“Music should strike fire from the heart of man, and bring tears from the eyes of woman” - Beethoven. Music is there to open our minds, to connect our souls, and to move our hearts. It is a universal language with no boundaries and brings people together. Music should ignite fiery passions, but on November 13 2015, it was a fiery passion of a different kind that struck music, in what we all know as the terror attack in Paris, at the Bataclan club. While Eagles of Death Metal (an American rock band) was performing on stage that night, terrorists opened fire on the crowd, killing 89 people and holding the survivors hostage for hours.
HBO released on February 2017 a documentary “Eagles of Death Metal: Nos Amis (Our Friends)”, which recounts the band’s experience before and after the tragic attack in Paris two years earlier. We are first introduced to the band and discover how the group came together. Focusing on the extreme brotherly bond of Rock n’ Roll fusion between the band co-founders, Jesse Hughes and Josh Homme, depicting how they grew together from boys to men and then, as a band. The bond is so strong, we can feel the almost visceral connection between the two and how they completed and complemented one another throughout the years. We can enjoy seeing them devoted to their music and to their fans, which Hughes greets in each show with “I fucking love you motherfuckers!”. They give their best, they give their souls and they give their hearts to every show and every record. In the first half of the documentary we are connected to the understanding of who are the people behind the badass image of the Rock N’Roll band, how they view their relationship with their audience and how hopeful, joyful and free-spirited they all are when reunited after the tragic events of the Bataclan.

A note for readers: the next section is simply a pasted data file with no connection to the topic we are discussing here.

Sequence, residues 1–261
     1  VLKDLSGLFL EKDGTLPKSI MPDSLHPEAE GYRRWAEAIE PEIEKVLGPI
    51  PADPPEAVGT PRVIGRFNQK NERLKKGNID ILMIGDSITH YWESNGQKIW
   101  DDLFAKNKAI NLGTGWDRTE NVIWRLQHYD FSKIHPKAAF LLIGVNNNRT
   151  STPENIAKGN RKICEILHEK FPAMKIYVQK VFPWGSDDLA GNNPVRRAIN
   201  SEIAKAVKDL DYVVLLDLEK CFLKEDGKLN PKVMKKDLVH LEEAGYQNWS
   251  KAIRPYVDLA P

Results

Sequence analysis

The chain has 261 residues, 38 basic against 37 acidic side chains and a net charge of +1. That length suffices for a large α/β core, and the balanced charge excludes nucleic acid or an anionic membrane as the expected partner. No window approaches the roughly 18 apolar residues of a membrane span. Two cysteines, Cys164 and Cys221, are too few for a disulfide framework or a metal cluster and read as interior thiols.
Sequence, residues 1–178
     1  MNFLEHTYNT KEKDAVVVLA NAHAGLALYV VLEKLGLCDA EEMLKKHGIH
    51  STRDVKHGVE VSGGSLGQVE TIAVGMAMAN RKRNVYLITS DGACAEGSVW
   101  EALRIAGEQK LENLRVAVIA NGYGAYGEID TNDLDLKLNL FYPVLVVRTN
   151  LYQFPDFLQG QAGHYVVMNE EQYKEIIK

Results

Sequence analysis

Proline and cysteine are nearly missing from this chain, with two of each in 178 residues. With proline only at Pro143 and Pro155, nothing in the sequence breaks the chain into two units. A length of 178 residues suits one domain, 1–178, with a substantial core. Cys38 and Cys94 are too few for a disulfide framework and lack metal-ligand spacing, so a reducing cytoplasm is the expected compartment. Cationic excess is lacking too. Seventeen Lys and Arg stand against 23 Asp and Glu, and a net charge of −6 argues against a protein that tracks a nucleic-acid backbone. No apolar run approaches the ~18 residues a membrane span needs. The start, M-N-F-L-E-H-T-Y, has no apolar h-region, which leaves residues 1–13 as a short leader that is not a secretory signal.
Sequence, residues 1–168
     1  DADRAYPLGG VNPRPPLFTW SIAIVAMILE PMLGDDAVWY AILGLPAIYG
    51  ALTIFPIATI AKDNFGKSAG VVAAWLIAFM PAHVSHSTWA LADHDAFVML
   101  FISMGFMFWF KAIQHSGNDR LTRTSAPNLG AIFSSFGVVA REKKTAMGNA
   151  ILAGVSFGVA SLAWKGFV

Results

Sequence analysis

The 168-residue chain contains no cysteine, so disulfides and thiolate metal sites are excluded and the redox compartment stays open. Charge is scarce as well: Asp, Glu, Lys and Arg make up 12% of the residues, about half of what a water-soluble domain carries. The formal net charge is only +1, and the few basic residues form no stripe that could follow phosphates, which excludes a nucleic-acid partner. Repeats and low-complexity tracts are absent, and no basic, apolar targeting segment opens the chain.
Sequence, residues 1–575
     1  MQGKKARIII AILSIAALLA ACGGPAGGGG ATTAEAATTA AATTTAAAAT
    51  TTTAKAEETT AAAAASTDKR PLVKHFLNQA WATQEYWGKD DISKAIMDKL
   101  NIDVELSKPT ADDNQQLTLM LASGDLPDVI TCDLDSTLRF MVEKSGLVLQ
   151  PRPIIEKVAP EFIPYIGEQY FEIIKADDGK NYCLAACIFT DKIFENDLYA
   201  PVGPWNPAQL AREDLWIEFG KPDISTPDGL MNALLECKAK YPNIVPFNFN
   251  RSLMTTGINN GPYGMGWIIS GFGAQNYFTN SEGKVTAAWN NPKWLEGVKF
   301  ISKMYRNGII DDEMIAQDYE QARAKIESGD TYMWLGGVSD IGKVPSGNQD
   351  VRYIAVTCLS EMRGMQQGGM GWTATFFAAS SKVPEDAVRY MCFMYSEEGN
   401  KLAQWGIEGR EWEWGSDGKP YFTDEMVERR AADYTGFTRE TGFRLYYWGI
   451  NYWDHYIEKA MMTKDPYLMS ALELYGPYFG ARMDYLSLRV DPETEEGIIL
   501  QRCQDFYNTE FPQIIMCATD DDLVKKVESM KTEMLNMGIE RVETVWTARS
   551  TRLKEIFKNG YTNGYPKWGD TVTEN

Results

It was the chaos, fear, panic, war which tragically altered the band and it is here where the documentary takes a dramatic turn. All the good energy and the good vibes that music creates is suddenly victim of terrorism and extreme ideology. Fire on the culture, fire on the people, fire on what connects humanity on so many levels. Survivors from the attack talk, one after another recounting the events of that terrible night and about what they saw, how they felt and how they managed to escape the bloody attack on the Bataclan. We get to know and experience what happened, how the event turned into a tragedy within a matter of minutes. Grenades, suicide belts and gun fire took over the culture and cohesion, leaving behind pain, fear, and wounds that will remain in the minds of those who witnessed the unforgettable.
This was truly a moving documentary that touches everyone and that shows how music and culture are more powerful that terror. Lovers of music from every horizon MUST go watch Eagles of Death Metal: Nos Amis (Our Friends)!